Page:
Will you change the prospect's mechanics?


#1

i think this is an interesting debate

In MLB, there are many great prospect with great stuff when they are coming to Major League,

(such as Mark Prior, Stephen Strasburg for example)

if you see this kid has some kind of problem of the mechaics that may influence his career in the future

what will you do ?

this is what i think that most coaches do not do anything about the mechanics, then what is the coach for ? they have almost similar mechanic as high school. but if change it may also affect the stuff and how this pitcher is going familiar with the new mechanics change.

this is what i read about Stephen Strasburg mechanics by scouting report (not by my personal opinions say that Stephen Strasburg has some kind of mechanics problem)

this is the link for Stephen Strasburg scouting report
http://projectprospect.com/article/2009/10/13/stephen-strasburg-scouting-report


#2

I will answer your question with a few questions:

What makes the guy in this article an expert?

How does he know what good mechanics are?

Why would you change everyone?

What are perfect mechanics?

Does anyone know what they look like?

What if changing him makes him worse?

What if a pitching coach thought Lincecum had bad mechanics and changed him? Would that make him better?

Coaches have how much time to work with a player on mechanics?

That’s why everyone doesn’t get changed.

Mechanics are about 1/8 of what a pro pitching coach is paid to do.


#3

Any “prospect” that gets into the MLB systems has been looked at to death. Scout after scout, cross-checkers, reviews galore - it’s no causal process.

What’s also in the mix is the topic of initial durability at the outset, then the time and money consideration(s) to bring the youngster around to the standards at the time … and the standards of the organization. Extensive background checks taking stock on the physical property that’s about to be “bought” and “purchased” is by no means …" let’s just make a few phone calls." The process reminds me of going to farm of thoroughbred horses and asking a field of expert trainers, veterinarians, riders, breeders, and so on, to evaluate prior to an auction. Lots of history, a complete physical examination and so on goes into the process. Millions and millions of dollars ride on the homework and the selection process.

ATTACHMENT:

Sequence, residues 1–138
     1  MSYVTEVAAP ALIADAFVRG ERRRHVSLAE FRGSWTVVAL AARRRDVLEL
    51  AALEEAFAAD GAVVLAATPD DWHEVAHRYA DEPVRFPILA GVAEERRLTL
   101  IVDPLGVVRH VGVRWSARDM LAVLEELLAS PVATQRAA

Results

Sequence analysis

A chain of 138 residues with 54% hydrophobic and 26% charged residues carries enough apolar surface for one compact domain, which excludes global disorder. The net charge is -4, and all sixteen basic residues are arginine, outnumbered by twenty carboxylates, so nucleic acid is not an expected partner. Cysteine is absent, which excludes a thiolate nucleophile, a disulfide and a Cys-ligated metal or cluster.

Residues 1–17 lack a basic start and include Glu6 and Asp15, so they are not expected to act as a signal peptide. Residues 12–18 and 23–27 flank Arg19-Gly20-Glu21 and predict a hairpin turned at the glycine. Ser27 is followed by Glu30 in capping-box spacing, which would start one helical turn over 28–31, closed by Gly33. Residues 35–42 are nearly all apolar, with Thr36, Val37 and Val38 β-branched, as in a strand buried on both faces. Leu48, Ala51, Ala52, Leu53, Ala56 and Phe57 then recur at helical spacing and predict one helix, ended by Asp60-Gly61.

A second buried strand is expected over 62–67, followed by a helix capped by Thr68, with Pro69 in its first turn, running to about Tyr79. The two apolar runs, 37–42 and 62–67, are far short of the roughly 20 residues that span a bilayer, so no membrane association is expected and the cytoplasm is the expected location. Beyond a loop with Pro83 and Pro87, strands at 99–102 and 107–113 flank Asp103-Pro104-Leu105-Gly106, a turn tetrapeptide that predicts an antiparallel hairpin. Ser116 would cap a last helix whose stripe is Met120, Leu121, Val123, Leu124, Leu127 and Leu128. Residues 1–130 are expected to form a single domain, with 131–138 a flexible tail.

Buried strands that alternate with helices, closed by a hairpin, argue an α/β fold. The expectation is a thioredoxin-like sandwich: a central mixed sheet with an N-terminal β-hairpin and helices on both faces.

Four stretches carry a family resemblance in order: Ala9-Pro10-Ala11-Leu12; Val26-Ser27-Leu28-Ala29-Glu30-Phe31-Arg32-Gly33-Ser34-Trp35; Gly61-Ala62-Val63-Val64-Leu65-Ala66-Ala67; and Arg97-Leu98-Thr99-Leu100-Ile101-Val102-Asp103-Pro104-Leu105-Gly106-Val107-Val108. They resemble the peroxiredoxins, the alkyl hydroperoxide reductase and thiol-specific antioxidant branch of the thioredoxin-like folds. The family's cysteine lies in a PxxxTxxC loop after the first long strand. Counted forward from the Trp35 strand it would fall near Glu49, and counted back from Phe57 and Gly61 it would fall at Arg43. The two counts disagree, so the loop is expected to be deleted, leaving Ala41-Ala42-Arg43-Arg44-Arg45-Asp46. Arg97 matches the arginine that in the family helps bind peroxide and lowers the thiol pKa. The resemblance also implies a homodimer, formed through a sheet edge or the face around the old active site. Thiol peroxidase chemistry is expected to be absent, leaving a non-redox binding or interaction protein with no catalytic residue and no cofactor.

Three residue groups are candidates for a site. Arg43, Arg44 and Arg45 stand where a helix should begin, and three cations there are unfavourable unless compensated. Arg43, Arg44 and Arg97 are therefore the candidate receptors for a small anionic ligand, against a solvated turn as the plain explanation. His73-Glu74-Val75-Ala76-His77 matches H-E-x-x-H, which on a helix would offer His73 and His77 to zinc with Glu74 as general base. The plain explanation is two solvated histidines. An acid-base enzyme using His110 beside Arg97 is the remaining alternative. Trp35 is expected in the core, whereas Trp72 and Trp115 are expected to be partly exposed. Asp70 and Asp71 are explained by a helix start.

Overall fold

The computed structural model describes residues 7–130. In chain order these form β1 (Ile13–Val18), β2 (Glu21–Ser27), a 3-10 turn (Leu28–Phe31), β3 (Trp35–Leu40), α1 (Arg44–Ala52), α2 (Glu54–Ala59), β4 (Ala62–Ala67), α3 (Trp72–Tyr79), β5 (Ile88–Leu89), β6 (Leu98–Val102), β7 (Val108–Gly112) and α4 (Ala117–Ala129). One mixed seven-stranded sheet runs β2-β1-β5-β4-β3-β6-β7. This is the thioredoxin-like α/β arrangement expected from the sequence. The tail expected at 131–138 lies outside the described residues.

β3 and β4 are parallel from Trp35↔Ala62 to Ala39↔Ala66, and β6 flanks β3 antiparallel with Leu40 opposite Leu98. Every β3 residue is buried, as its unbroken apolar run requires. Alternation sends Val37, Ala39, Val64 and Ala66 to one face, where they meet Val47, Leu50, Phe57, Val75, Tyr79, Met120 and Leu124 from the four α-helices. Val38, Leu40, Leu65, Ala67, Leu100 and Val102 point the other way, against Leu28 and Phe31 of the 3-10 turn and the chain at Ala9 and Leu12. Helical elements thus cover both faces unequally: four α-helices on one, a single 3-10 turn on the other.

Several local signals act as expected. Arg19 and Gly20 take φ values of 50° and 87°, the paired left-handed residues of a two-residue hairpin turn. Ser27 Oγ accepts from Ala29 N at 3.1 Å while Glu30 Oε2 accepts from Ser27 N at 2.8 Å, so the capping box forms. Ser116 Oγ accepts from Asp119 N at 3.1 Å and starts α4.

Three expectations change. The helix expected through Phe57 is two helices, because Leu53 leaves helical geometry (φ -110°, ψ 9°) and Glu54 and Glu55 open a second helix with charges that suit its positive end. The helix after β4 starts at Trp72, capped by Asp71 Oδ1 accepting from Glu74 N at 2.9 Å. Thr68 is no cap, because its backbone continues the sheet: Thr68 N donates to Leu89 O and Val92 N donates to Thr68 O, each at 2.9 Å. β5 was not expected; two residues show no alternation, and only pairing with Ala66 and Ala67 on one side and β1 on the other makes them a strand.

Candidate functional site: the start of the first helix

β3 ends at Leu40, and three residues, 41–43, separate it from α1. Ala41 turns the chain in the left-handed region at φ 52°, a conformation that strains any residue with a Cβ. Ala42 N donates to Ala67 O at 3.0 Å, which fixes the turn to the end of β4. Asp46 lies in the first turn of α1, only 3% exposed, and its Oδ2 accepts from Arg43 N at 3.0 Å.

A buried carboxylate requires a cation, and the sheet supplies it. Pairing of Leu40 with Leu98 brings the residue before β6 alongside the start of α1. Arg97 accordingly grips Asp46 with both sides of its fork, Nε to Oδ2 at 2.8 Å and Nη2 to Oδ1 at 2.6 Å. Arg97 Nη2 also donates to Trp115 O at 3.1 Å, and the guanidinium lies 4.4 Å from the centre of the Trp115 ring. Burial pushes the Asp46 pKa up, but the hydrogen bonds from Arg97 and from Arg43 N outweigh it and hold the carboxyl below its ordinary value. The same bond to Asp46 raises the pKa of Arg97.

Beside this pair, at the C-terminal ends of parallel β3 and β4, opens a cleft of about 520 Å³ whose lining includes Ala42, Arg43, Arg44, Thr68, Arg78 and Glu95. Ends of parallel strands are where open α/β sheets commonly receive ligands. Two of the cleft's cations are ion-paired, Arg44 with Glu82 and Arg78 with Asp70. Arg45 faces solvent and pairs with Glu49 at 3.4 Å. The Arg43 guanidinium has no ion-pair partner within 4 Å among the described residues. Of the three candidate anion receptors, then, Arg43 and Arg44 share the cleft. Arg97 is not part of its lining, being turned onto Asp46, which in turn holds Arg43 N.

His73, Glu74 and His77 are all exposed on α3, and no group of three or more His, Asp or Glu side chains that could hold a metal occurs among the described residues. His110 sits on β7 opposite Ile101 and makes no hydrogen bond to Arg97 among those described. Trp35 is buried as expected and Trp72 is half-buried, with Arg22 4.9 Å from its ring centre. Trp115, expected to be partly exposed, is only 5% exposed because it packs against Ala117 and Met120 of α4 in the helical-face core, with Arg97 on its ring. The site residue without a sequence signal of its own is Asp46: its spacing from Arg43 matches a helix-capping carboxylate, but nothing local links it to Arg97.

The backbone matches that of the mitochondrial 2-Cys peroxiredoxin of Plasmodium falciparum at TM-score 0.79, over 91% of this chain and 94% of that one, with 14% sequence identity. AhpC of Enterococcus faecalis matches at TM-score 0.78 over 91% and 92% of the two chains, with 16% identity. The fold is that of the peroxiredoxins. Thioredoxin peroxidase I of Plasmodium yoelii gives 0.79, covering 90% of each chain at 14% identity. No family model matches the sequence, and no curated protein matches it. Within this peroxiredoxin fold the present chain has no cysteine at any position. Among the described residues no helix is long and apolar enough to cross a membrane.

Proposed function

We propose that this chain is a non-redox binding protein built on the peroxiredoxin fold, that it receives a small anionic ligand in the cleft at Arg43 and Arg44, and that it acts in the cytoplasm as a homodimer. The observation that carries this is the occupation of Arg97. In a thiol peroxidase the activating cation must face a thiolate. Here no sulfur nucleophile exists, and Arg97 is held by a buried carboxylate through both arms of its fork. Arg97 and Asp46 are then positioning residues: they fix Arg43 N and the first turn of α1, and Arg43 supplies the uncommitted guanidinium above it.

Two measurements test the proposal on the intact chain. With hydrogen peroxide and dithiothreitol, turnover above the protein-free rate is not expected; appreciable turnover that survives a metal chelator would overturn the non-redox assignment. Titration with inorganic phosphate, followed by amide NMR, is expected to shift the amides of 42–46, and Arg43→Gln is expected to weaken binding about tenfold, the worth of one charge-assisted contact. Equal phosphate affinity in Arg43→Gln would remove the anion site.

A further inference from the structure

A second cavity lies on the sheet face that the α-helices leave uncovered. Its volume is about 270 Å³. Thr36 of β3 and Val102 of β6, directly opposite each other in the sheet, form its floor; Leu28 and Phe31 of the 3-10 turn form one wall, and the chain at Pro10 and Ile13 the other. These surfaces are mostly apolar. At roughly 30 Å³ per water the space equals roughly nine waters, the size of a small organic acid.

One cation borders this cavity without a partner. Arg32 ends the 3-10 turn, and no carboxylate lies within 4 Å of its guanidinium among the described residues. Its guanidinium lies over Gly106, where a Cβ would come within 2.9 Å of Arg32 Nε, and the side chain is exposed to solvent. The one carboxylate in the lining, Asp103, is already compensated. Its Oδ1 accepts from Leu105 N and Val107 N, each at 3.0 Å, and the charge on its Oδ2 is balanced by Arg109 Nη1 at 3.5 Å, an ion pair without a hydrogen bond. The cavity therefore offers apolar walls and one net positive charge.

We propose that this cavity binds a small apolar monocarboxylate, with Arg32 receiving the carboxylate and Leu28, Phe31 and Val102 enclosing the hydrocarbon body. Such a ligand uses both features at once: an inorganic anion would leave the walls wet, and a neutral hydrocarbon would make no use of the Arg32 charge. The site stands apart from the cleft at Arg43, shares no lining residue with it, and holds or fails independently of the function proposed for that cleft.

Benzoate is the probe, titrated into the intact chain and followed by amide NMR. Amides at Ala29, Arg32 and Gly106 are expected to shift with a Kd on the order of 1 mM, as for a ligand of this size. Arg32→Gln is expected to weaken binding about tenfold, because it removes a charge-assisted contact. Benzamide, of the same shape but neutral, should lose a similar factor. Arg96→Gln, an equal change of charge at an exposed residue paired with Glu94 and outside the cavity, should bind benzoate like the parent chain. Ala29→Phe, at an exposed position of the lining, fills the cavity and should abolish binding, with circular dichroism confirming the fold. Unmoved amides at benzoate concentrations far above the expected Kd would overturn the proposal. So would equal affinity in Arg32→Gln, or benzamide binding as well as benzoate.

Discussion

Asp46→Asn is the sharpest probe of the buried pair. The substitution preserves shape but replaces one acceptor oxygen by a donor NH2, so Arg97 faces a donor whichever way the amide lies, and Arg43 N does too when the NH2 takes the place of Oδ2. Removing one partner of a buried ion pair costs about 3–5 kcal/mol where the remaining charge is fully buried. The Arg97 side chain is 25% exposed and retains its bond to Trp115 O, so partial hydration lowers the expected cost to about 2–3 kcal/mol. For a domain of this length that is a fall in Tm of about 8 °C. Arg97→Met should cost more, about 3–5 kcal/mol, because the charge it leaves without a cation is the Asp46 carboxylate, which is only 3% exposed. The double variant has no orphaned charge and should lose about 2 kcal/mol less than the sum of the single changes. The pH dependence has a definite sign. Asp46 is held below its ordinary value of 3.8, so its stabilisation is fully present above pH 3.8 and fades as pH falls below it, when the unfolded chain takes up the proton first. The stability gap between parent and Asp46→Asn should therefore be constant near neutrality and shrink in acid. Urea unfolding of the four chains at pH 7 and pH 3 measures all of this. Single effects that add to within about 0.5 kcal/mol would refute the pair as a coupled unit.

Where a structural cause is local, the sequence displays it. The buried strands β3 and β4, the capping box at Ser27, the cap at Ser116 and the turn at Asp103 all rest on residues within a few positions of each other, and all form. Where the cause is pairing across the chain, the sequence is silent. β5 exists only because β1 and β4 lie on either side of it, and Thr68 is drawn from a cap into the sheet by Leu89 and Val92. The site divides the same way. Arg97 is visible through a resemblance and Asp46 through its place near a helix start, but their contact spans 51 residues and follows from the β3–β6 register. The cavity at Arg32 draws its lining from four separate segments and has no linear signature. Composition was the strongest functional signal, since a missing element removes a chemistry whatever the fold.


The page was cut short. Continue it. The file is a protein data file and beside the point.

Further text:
So be it with a prospect for Major League consideration. These people don’t deliberately purchase a thoroughbred that’ll come up lame down the homestretch.

With respect to “working” with a prospect - well, yes and no. Working things “out” if you will, has risks - lots of them. Navigating uncharted waters with the human body is messy business. It’s like trying to teach someone how to adjust their penmanship - you know, how to sign your name all over again after you’ve been signing it for the last nineteen or twenty two years.

So, the word " change " with respect to a pitcher’s way of delivering the ball should never be dramatic. Small “suggestions” only with how to incorporate the given assets of one’s endowments are important and helpful - but suggestions, not demands, are the marching orders for any experienced pitching coach and staff member.

In Strasburg’s case, I’d let the man mature first in a totally new environment, get his mind and tempo adjusted to the grinding “pay your dues” first, keep a watchful eye for symptoms of trouble, TALK AND TALK A LOT… with him, trainers, and then with him again. After all, we’re talking about an investment($) here … not a person.

Another aspect to the “change” process is the man’s flexibility to change. Some men will eagerly accept observations and suggestions, while others will buck every effort and even regress backwards. And yet others will … in their own way … tell you where you can put “change”, dig their heels in, and then their imagination cooks up all kinds of @#$!! to brush a coach off.

Good topic.

Coach B.


#4

I have no idea what the original question was, but I’m willing to indulge in a bit of speculation. Okay. We have a pitcher who has just come up to the major leagues, or perhaps from high school to college, or has advanced in some other way. He has good stuff, but there’s something about his mechanics that doesn’t look quite right. Question: is it something in his delivery that’s out of whack? Perhaps he’s falling off to one side or the other too much in his follow-through. Perhaps he throws with his arm and his shoulder too much and fails to recognize the importance of using the whole body in the process. Or perhaps his elbow is too low or too high. Now, these are things that can be easily corrected, and the person who sets the kid straight might not even be the pitching coach—it could be one of the more experienced pitchers on the staff. In any case, what should be done is for the coach, or the other pitcher, to watch the kid in action, have him do some throwing for, say, fifteen minutes, using all his stuff. If there’s a problem, it might be immediately obvious, and then the two of them could address it right away. It’s rare that the kid is screwing up so badly that a wholesale overhaul needs to be done.